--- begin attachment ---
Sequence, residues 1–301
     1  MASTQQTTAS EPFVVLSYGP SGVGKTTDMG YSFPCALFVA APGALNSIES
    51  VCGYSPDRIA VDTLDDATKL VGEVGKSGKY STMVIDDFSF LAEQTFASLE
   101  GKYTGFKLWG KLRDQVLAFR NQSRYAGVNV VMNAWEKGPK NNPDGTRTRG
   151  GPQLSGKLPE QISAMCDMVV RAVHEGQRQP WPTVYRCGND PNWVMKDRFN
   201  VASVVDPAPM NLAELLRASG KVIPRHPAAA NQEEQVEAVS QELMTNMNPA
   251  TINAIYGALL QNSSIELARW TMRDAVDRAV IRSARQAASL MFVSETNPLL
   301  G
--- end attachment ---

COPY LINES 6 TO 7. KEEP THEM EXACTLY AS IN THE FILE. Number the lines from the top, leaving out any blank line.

   201  VASVVDPAPM NLAELLRASG KVIPRHPAAA NQEEQVEAVS QELMTNMNPA
   251  TINAIYGALL QNSSIELARW TMRDAVDRAV IRSARQAASL MFVSETNPLL